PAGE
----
The NLRB is accepting comments from the public until August 20, 2011.  Comments about the proposed amendments may be submitted online here.

You can read the NLRB’s Fact Sheet on the proposed amendments here, and a redlined version of the rules outlining the changes here.

2009 Hawaii Legislative Wrap-Up

The 2009 legislative session resulted in some bad bills for Hawaii employers. Three bills of particular significance are:

Card Check Certification – This bill amends the Hawaii Labor Relations Act to allow unions to become the exclusive bargaining representative of agricultural employees without going through a secret ballot election. Rather, if the union obtains signed authorization cards from a majority of the employees, the employer will be required to recognize the union as the exclusive bargaining representative of the employees.

This bill applies only to employees in the agricultural field and to employers with annual gross revenues of $5 million or more. All other employers are still covered by the National Labor Relations Act, which currently still requires a secret ballot election to certify a union. However, employers should be aware that the federal Employee Free Choice Act (“EFCA”) which is similar to the Hawaii card check bill is still pending at the Congressional level. For more information on the EFCA, please refer to this post.

Credit History Discrimination - This bill makes it unlawful for an employer to discriminate against an employee or job applicant because of a “credit history or credit report,” unless the credit history or credit report relates to a bona fide occupational qualification (“BFOQ.”) In addition (and similar to Hawaii’s law on arrest and conviction record discrimination), an employer would be prohibited from making any inquiry into an individual’s credit history or obtaining a credit report until after a conditional offer of employment has first been made, and the conditional offer of employment may be withdrawn only if information in the credit history or credit report relates to a BFOQ.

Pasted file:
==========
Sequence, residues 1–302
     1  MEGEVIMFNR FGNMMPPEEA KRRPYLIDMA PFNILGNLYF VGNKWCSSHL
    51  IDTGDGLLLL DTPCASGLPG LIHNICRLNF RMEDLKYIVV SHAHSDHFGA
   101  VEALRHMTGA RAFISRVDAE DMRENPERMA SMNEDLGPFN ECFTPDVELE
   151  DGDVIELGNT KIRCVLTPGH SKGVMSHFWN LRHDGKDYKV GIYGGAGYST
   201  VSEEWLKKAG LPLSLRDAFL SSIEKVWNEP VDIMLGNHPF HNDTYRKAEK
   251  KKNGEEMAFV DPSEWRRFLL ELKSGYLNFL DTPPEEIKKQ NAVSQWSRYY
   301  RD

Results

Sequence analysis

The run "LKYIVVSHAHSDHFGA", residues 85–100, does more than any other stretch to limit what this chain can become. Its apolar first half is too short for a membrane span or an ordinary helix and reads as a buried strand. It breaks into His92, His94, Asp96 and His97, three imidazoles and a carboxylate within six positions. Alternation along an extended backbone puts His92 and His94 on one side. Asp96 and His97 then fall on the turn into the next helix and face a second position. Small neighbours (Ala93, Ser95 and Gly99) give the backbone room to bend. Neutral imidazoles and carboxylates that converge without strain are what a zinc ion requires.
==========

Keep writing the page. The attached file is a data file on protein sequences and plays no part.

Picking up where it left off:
Disputed Workers Compensation Claims - This bill would require employers to continue to provide individuals on workers’ compensation leave with “essential” medical services even if compensability is denied, or a dispute arises as to whether medical services are reasonable and necessary, until the Hawaii State Director of the DLIR conducts a hearing and determines that medical services should end.

Governor Linda Lingle has until June 30, 2009 to veto these bills, or they will become law.

One bit of good news (or relief):

There is one silver lining from the 2009 Hawaii legislative session: the “successorship bill” which would have required successor employers to hire 100% of the employees of a company they were assuming, was not passed. It appeared to have support by the Legislators throughout the 2009 legislative session, but fortunately, it lost steam and died during conference.